There is a musical that is getting a lot of attention recently. How to Dance in Ohio is a show based loosely on a real story about autistic students. What is unique about the show is that the 7 main cast members are actually autistic. This is a great achievement, and it is to be commended. In an interview on Good Morning America recently, one of the cast members was asked what is the most significant message meaning for him personally. His response was, “I am seen.”
We hear a lot about being seen and having representation. Many movies are being recast and refilmed from different and new ethnic points of view (https://www.theguardian.com/commentisfree/2023/jun/09/the-little-mermaid-global-backlash-black-ariel). The general defense of this position is that everyone needs to see people like themselves on the big screen. Some trends are pushing for any ethnic character to be played by actors that represent that ethnicity (https://www.mixedlife.net/eveything/2020/7/15/the-mixed-race-casting-debate-who-can-be-cast-in-what-roles).
When social media began to shift allowing for users to show stories, the age of the influencer was born. Influencers are simply social media mavens who have garnered a large following. Just under 4 million videos are uploaded to YouTube every single day! All with the same hopes: to be seen. Everyone wants to be seen.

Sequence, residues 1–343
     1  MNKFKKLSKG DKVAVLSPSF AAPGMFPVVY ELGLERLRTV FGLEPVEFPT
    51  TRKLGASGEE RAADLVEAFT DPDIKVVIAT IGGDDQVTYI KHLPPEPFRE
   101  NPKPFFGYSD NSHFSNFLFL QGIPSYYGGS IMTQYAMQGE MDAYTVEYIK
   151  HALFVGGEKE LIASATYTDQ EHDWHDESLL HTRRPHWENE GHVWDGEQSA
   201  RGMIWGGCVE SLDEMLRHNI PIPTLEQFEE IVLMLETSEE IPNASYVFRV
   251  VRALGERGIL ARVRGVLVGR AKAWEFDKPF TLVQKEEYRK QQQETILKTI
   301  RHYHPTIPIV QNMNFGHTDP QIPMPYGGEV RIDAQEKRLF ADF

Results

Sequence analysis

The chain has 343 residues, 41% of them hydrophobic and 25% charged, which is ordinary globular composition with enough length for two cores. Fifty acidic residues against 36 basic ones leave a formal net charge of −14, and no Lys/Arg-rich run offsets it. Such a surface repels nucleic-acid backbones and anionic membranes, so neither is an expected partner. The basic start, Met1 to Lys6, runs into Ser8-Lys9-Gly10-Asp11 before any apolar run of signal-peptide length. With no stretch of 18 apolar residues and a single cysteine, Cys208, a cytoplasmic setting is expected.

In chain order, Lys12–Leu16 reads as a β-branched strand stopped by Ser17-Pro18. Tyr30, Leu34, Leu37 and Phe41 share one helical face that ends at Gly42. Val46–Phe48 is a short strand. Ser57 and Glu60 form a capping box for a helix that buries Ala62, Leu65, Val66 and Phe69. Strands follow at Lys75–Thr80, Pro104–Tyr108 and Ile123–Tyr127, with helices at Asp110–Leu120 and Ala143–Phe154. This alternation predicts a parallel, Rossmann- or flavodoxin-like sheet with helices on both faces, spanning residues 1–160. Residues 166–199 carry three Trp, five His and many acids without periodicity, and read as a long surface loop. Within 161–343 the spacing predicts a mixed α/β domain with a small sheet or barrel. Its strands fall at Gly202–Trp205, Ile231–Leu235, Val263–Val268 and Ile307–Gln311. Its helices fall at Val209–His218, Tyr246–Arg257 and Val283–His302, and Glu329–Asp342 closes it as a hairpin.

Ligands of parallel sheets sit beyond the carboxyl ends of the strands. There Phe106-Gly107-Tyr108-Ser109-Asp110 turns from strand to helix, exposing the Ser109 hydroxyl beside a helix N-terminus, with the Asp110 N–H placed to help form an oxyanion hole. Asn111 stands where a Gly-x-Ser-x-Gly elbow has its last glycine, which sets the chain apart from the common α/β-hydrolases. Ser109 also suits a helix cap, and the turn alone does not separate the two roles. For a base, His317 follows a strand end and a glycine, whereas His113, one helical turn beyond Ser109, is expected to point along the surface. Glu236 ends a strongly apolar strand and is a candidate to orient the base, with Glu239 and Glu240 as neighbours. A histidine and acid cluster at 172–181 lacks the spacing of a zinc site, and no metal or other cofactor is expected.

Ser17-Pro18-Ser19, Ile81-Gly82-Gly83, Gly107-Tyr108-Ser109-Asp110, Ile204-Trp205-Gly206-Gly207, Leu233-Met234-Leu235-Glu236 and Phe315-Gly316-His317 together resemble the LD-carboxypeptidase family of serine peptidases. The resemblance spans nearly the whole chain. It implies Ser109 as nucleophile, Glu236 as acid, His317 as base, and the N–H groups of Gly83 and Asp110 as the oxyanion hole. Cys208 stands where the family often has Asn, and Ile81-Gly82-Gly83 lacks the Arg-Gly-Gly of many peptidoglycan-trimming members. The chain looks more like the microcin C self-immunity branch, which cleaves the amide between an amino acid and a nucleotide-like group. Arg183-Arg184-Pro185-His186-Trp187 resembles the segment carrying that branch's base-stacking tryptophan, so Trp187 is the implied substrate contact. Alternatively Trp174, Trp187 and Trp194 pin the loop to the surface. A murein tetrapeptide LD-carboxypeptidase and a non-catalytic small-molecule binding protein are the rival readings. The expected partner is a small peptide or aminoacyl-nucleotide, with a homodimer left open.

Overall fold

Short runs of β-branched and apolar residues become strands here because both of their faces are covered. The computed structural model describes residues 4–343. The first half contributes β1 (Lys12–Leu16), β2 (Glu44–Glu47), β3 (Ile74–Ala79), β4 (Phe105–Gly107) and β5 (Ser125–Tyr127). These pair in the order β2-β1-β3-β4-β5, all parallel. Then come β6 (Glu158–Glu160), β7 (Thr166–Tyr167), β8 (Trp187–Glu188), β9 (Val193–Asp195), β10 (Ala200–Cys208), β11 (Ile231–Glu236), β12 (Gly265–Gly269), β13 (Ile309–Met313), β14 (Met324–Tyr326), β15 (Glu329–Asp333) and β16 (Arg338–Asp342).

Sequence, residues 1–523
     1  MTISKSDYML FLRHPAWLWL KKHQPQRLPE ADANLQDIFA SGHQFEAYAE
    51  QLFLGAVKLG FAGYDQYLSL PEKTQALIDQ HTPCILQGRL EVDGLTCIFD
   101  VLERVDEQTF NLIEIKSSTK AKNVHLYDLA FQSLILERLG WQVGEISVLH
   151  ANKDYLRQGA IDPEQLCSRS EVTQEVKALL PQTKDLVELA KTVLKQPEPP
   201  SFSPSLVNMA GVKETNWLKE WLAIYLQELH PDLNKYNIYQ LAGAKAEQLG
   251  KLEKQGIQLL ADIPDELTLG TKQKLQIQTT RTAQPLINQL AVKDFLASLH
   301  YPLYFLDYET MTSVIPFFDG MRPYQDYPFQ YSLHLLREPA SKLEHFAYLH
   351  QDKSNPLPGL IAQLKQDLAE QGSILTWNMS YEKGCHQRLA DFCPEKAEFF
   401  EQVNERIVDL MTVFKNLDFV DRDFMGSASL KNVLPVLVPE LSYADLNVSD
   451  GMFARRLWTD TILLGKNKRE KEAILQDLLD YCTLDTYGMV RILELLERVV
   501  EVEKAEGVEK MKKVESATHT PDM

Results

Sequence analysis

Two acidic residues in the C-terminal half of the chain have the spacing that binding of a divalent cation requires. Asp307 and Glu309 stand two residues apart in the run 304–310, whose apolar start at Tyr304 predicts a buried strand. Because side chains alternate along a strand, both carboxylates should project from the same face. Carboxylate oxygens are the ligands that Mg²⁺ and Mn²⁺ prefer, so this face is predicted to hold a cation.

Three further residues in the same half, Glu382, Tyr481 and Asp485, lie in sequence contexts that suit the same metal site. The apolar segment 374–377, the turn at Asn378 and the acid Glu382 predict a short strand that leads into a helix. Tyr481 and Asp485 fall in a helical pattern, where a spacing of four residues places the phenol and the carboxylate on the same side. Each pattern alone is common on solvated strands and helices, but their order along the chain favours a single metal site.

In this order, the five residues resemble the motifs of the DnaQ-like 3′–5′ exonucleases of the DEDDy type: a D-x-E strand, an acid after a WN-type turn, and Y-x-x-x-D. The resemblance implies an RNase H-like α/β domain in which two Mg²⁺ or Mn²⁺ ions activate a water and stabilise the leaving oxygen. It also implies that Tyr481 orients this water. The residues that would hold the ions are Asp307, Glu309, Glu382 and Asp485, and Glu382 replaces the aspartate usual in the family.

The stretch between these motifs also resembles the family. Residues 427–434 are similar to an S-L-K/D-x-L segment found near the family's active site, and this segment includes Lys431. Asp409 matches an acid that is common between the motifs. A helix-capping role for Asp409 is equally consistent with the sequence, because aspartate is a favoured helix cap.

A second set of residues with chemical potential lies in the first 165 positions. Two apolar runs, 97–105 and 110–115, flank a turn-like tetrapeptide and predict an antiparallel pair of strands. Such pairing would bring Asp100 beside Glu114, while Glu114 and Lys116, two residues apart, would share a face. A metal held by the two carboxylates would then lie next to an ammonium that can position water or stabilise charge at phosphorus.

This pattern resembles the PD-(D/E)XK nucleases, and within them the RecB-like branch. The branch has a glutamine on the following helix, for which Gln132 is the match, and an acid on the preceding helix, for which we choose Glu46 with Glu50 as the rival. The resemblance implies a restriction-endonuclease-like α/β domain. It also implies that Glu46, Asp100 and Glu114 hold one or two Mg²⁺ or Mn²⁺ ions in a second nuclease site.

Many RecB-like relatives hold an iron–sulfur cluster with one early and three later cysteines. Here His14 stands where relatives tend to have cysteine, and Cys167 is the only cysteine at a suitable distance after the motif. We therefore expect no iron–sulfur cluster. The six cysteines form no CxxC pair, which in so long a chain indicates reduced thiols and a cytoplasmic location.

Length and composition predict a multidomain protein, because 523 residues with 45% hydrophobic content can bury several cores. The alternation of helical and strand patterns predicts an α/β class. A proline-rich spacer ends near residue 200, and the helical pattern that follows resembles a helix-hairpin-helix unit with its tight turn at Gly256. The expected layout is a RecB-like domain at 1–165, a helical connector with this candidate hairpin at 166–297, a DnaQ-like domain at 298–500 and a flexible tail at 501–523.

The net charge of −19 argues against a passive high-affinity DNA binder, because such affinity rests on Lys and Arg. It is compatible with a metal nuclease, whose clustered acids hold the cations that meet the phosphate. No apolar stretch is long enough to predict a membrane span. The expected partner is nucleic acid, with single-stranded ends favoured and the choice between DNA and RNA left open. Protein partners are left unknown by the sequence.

Modern consensus gentium seems to hold that identifying with a character in a movie that looks, or believes like I do somehow validates my own appearances, experience, or beliefs—even if that character is a figment of someone’s imagination.
Last fall a dear friend of mine passed away suddenly. During his funeral one speaker observed that the deceased always made them feel “seen” and “heard.” This is a great trait to carry. But the reality is, feeling validated in life is not identifying with an illusion cast from a false persona projecting from the silver screen. Validation comes when someone accepts me for what I am, but values me enough to believe I can grow into something more.